[Google Scholar]
  8. Tomás J. M., Benedi V. J., Ciurana B., Jofre J. Role of capsule and O antigen in resistance of Klebsiella pneumoniae to serum bactericidal activity. Infect Immun 1986; 54:85–89
    [Google Scholar]
  9. Peppier M. S., Schrumpf M. E. Phenotypic variation and modulation in Bordetella bronchiseptica. Infect Immun 1984; 44:681–687
    [Google Scholar]
  10. Roop R. M., Veit H. P., Sinsky R. J., Veit S. P., Hewlett E. L., Komegay E. T. Virulence factors of Bordetella bronchiseptica associated with the production of infectious atrophic rhinitis and pneumonia in experimentally infected neonatal swine. Infect Immun 1986; 55:217–222
    [Google Scholar]
  11. Renshaw H. W., Gilmore R. J. Alternative and classical complement pathway activity in sera from colostrum-fed and colostrum-deprived neonatal pigs. Immunology 1980; 41:203–209
    [Google Scholar]
  12. Klaassen J. M., Bernard B. L., Digiacomo R. F. Enzyme-linked immunosorbent assay for immunoglobulin G antibody to Pasteurella multocida in rabbits. J Clin Microbiol 1985; 21:617–621
    [Google Scholar]
  13. Venier L., Rothschild M. F., Warner C. W. Measurement of serum antibody in swine vaccinated with Bordetella bronchiseptica’. comparison of agglutination and enzyme-linked immunosorbent assay methods. Am J Vet Res 1984; 45:2634–2636
    [Google Scholar]
  14. Lowry O. H., Rosebrough N. J., Farr A. L., Randall R. J. Protein measurement with the Folin phenol reagent. J Biol Chem 1952; 193:265–275
    [Google Scholar]
  15. Stainer D. W., Scholte M. J. A simple chemically defined medium for the production of phase I Bordetella pertussis. J Gen Microbiol 1970; 63:211–220
    [Google Scholar]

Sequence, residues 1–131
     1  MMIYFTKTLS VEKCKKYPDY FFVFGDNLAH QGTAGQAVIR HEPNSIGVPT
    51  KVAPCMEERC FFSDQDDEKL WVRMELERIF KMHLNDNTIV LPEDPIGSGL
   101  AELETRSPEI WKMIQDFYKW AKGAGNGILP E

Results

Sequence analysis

16. Westphal O., Jann K. Bacterial lipopolysaccharides. Extraction with phenol-water and further applications of the procedure. In Whistler R. L. (ed) Methods in carbohydrate chemistry vol 5 New York: Academic Press; 196583–91
    [Google Scholar]
  17. Cross A. S., Kim K. S., Wright D. C., Sadoff J. C., Gemski P. Role of lipopolysaccharide and capsule in the serum resistance of bacteremic strains of Escherichia coli. J Infect Dis 1986; 154:497–503
    [Google Scholar]
  18. Hitchcock P. J., Brown T. M. Morphological heterogeneity among Salmonella lipopolysaccharide chemotypes in silver-stained polyacrylamide gels. J Bacterial 1983; 154:269–277
    [Google Scholar]
  19. Laemmli U. K. Cleavage of structural proteins during the assembly of the head of bacteriophage T4. Nature 1970; 227:680–685
    [Google Scholar]
  20. Peppier M. S. Two physically and serologically distinct lipopolysaccharide profiles in strains of Bordetella pertussis and their phenotype variants. Infect Immun 1984; 43:224–232
    [Google Scholar]
  21. Schneider H., Hale T. L., Zollinger W. D., Seid R. C., Hammack C. A., Griffiss J. M. Heterogeneity of molecular size and antigenic expression within lipooligosaccharides of individual strains of Neisseria gonorrhoeae and Neisseria meningitidis. Infect Immun 1984; 45:544–549
    [Google Scholar]